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AD5678 Datasheet(PDF) 18 Page - Analog Devices

Part No. AD5678
Description  4 × 12-Bit and 4 × 16-Bit Octal DAC with On-Chip Reference in 14-Lead TSSOP
Download  28 Pages
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Maker  AD [Analog Devices]
Homepage  http://www.analog.com
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AD5678 Datasheet(HTML) 18 Page - Analog Devices

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AD5678
Rev. A | Page 18 of 28
TERMINOLOGY
Relative Accuracy
For the DAC, relative accuracy, or integral nonlinearity (INL), is
a measure of the maximum deviation in LSBs from a straight
line passing through the endpoints of the DAC transfer
function. Figure 5, Figure 7, and Figure 9 show plots of typical
INL vs. code.
Differential Nonlinearity
Differential nonlinearity (DNL) is the difference between the
measured change and the ideal 1 LSB change between any two
adjacent codes. A specified differential nonlinearity of ±1 LSB
maximum ensures monotonicity. This DAC is guaranteed mono-
tonic by design. Figure 6, Figure 8, and Figure 10 show plots of
typical DNL vs. code.
Offset Error
Offset error is a measure of the difference between the actual
VOUT and the ideal VOUT, expressed in millivolts in the linear
region of the transfer function. Offset error is measured on the
AD5678 with Code 512 loaded into the DAC register. It can be
negative or positive and is expressed in millivolts.
Zero-Code Error
Zero-code error is a measure of the output error when zero
code (0x0000) is loaded into the DAC register. Ideally, the
output should be 0 V. The zero-code error is always positive in
the AD5678, because the output of the DAC cannot go below 0 V.
It is due to a combination of the offset errors in the DAC and
output amplifier. Zero-code error is expressed in millivolts.
Figure 18 shows a plot of typical zero-code error vs.
temperature.
Gain Error
Gain error is a measure of the span error of the DAC. It is the
deviation in slope of the DAC transfer characteristic from the
ideal, expressed as a percentage of the full-scale range.
Zero-Code Error Drift
Zero-code error drift is a measure of the change in zero-code
error with a change in temperature. It is expressed in μV/°C.
Gain Error Drift
Gain error drift is a measure of the change in gain error with
changes in temperature. It is expressed in (ppm of full-scale
range)/°C.
Full-Scale Error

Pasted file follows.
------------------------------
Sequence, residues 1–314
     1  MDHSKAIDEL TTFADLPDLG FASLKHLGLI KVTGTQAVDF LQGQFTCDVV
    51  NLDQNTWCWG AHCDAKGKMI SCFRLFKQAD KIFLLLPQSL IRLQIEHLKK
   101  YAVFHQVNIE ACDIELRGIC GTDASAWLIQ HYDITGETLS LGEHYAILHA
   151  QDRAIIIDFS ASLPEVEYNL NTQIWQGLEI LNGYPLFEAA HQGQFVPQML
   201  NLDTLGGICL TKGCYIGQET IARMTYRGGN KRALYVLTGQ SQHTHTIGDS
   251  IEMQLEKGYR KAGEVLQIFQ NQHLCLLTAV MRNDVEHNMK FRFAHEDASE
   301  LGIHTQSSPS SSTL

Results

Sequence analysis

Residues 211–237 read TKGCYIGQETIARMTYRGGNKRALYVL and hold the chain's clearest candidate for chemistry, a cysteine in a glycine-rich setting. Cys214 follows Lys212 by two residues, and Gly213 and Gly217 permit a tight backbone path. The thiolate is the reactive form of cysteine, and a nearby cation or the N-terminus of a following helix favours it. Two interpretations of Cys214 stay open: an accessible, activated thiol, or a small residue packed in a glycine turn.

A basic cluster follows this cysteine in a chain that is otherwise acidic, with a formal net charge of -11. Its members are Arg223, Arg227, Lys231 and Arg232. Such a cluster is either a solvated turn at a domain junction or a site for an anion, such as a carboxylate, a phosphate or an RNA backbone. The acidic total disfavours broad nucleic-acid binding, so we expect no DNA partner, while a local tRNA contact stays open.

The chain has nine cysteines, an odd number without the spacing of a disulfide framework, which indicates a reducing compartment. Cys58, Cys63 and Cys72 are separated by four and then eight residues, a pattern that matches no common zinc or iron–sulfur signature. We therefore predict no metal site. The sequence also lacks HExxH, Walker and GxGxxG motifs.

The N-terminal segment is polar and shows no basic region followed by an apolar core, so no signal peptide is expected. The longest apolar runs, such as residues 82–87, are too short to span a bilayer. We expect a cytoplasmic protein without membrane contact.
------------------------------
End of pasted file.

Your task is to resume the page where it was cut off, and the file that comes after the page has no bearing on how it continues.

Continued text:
Full-scale error is a measure of the output error when full-scale
code (0xFFFF) is loaded into the DAC register. Ideally, the
output should be VDD − 1 LSB. Full-scale error is expressed as a
percentage of the full-scale range. Figure 17 shows a plot of
typical full-scale error vs. temperature.
Digital-to-Analog Glitch Impulse
Digital-to-analog glitch impulse is the impulse injected into the
analog output when the input code in the DAC register changes
state. It is normally specified as the area of the glitch in nV-s
and is measured when the digital input code is changed by
1 LSB at the major carry transition (0x7FFF to 0x8000). See
Figure 34.
DC Power Supply Rejection Ratio (PSRR)
PSRR indicates how the output of the DAC is affected by changes
in the supply voltage. PSRR is the ratio of the change in VOUT to
a change in VDD for full-scale output of the DAC. It is measured
in decibels. VREF is held at 2 V, and VDD is varied ±10%.
DC Crosstalk
DC crosstalk is the dc change in the output level of one DAC in
response to a change in the output of another DAC. It is measured
with a full-scale output change on one DAC (or soft power-down
and power-up) while monitoring another DAC. It is expressed
in microvolts.
DC crosstalk due to load current change is a measure of the
impact that a change in load current on one DAC has to another
DAC kept at midscale. It is expressed in microvolts per milliamp.
Reference Feedthrough
Reference feedthrough is the ratio of the amplitude of the signal
at the DAC output to the reference input when the DAC output
is not being updated (that is, LDAC is high). It is expressed in
decibels.
Channel-to-Channel Isolation
Channel-to-channel isolation is the ratio of the amplitude of the
signal at the output of one DAC to a sine wave on the reference
input of another DAC. It is measured in decibels.
Digital Feedthrough
Digital feedthrough is a measure of the impulse injected into
the analog output of a DAC from the digital input pins of the
device, but is measured when the DAC is not being written to
(SYNC held high). It is specified in nV-s and measured with a
full-scale change on the digital input pins, that is, from all 0s to
all 1s or vice versa.


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